Click here for accessibility information.

 

Review

Pablo's Eye

All She Wants Grows Blue

Prepare for Others to Follow was a worthy release, but it seemed like something was missing. I sometimes felt that the lack of conceptual space (due to the 'remix' nature of that disc) restricted Pablo's Eye, something that is rectified here with the act's first full Swim album. Whereas the older release can be seen as a compelling collection of short stories, All She Wants Grows Blue is a full novel: a musical movie of substance and atmosphere.

The links with the big screen are all too obvious, but this is not Hollywood nor art film, more an exploration of fragmented memories and stories. A loose narrative runs throughout and musical themes repeat. At times the ambience is menacing and at others, calm. The narrative moves seamlessly from third to first person, and the sounds and music shift so effortlessly between styles that it's quite a surprise when the disc finishes and you find more than an hour has passed.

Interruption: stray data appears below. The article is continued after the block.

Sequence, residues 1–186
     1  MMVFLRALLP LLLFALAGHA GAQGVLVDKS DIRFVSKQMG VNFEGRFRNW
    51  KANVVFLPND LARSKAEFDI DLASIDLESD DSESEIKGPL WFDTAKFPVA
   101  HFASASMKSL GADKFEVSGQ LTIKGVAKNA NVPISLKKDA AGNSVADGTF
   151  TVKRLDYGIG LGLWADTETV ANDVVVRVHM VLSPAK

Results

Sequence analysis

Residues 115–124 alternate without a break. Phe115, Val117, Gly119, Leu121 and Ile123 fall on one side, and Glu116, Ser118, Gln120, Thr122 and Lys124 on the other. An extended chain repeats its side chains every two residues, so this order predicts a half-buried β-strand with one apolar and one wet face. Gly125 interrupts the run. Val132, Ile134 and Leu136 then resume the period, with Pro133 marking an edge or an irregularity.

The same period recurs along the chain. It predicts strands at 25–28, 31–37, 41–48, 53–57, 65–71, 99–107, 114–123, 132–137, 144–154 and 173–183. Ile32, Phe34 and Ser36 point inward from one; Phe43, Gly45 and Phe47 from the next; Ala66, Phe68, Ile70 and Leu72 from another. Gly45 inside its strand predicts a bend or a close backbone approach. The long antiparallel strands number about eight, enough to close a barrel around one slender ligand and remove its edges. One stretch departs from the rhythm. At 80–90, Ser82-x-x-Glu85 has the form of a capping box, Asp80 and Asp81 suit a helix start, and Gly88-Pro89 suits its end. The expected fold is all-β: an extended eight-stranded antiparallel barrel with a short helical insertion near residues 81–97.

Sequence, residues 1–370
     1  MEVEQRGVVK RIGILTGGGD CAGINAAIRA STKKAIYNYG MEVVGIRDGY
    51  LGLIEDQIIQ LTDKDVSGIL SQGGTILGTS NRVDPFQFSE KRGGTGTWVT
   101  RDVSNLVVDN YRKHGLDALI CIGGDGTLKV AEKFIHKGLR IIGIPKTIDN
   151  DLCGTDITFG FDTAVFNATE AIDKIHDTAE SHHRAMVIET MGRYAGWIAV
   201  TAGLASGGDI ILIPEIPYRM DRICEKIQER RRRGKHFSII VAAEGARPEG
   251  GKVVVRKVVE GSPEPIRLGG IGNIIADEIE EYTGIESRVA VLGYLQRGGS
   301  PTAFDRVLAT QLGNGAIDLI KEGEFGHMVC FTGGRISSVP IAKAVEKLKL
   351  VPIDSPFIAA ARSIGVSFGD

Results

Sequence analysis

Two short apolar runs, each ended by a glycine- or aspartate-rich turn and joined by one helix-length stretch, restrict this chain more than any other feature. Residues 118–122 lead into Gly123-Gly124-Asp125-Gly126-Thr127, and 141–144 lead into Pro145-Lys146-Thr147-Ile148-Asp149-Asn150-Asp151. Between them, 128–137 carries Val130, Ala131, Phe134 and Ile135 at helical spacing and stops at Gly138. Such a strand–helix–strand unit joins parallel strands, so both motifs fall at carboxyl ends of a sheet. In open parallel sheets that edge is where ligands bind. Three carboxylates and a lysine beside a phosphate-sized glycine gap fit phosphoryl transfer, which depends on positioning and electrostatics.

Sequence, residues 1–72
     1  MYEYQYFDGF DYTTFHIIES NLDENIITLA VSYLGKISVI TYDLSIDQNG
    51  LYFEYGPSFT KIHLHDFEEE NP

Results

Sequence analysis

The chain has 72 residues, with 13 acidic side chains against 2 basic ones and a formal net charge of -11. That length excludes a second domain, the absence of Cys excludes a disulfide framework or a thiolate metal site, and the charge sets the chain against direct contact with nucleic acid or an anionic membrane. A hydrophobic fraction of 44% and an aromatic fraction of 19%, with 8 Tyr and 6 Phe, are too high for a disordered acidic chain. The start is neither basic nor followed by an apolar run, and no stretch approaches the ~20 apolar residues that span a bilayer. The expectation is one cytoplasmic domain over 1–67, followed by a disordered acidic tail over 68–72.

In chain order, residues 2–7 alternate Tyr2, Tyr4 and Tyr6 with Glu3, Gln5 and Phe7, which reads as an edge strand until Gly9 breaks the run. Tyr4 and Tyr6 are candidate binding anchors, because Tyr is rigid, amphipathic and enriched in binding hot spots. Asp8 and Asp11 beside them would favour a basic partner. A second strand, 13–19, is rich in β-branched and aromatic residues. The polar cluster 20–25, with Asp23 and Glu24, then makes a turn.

The unique nature of Pablo's Eye remains somewhat undefinable. It not only shifts between musical genres but pushes into other media as well. The disc serves as a reminder of how a narrative-driven set can work without the narrative taking over, and how a combination of originality, intelligence and engrossing composition can combine to produce something haunting and mesmerising.

Craig Grannell (April, 1999)

Cover artwork